So, if you want to keep the other libraries compatible, you can do this:

this.quadTree = function () {
  // the function's code

or, when the external library already has its own namespace, e.g. jQuery (not that you can use that in a server-side environment):

this.jQuery = jQuery;

In a non-Node environment, this would resolve to the global object, thus making it a global variable… which it already was. So it shouldn’t break anything.

James Herdman has a nice writeup about node.js for beginners, which also mentions this.


I’m not sure if I’ll actually end up using this because it’s a rather hacky solution, but one way around this is to build a little mini-module importer like this…

In the file ./node_modules/vanilla.js:

var fs = require('fs');

exports.require = function(path,names_to_export) {
    filedata = fs.readFileSync(path,'utf8');
    exported_obj = {};
    for (i in names_to_export) {
        to_eval = 'exported_obj[names_to_export[i]] = '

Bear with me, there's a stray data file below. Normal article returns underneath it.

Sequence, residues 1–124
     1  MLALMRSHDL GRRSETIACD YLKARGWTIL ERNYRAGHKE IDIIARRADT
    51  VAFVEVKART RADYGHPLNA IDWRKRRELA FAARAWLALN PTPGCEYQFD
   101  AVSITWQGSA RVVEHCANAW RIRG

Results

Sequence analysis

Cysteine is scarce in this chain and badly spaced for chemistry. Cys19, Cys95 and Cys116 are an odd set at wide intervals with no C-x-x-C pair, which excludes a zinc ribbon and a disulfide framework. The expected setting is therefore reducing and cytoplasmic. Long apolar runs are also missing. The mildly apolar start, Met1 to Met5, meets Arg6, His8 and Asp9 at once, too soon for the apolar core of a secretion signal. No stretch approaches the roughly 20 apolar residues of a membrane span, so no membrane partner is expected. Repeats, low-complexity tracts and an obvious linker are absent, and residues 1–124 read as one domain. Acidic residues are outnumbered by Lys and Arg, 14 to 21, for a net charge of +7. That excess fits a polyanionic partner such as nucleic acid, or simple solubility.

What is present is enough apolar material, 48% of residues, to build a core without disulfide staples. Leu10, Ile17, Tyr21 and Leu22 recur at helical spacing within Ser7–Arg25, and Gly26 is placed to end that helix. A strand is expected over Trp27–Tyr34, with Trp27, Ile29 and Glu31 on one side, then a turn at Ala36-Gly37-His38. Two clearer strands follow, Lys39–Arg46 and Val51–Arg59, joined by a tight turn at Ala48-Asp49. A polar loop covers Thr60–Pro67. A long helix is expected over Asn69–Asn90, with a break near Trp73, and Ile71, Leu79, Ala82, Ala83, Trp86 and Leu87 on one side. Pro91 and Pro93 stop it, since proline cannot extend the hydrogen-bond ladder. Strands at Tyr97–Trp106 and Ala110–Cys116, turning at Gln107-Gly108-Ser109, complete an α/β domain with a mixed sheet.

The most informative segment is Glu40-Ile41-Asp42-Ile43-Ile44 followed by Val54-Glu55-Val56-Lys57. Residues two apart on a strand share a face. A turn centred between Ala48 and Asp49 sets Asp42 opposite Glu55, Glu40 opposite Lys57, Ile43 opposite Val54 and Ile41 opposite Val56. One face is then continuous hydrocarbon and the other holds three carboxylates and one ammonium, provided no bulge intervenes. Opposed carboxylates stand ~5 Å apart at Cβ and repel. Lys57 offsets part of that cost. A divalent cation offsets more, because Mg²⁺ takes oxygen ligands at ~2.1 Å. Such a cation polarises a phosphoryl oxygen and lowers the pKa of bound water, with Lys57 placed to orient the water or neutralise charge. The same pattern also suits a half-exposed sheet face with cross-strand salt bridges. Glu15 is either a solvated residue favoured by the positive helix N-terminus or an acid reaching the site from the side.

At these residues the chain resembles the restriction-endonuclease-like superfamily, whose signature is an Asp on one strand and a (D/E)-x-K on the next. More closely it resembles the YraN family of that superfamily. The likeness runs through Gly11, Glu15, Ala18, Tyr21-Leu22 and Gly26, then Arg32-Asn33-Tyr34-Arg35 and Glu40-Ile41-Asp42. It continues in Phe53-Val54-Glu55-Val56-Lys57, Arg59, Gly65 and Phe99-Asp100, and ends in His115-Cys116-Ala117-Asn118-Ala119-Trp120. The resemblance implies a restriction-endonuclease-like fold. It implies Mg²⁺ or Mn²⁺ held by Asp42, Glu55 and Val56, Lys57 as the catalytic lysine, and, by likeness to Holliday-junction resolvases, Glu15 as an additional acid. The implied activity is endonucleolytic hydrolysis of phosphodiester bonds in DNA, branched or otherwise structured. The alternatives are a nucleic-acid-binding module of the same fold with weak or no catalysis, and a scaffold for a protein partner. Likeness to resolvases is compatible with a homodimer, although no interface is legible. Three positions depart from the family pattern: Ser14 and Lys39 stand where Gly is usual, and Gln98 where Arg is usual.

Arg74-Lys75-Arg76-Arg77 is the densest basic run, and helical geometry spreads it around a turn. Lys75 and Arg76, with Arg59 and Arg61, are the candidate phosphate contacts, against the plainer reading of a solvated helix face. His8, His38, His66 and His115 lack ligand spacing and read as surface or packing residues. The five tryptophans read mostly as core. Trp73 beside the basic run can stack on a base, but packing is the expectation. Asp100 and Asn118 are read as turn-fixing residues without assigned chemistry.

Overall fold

+ names_to_export[i] + ';'
    return exported_obj;

Then when you want to use your library’s functionality you’ll need to manually choose which names to export.

So for a library like the file ./lib/mylibrary.js

function Foo() { //Do something... }
biz = "Blah blah";
var bar = {'baz':'filler'};

When you want to use its functionality in your Node.js code…

var vanilla = require('vanilla');
var mylibrary = vanilla.require('./lib/mylibrary.js',['biz','Foo'])
mylibrary.Foo // <-- this is Foo()
mylibrary.biz // <-- this is "Blah blah"
mylibrary.bar // <-- this is undefined (because we didn't export it)

Don’t know how well this would all work in practice though.


I was able to simply add module.exports = to the script which was a function in their file.

For example, where their code, in their file which I placed at ‘./libs/apprise.js’, starts with function apprise(string, args, callback){ I’ve changed it to:

module.exports = function(string, args, callback){

Then my code reads: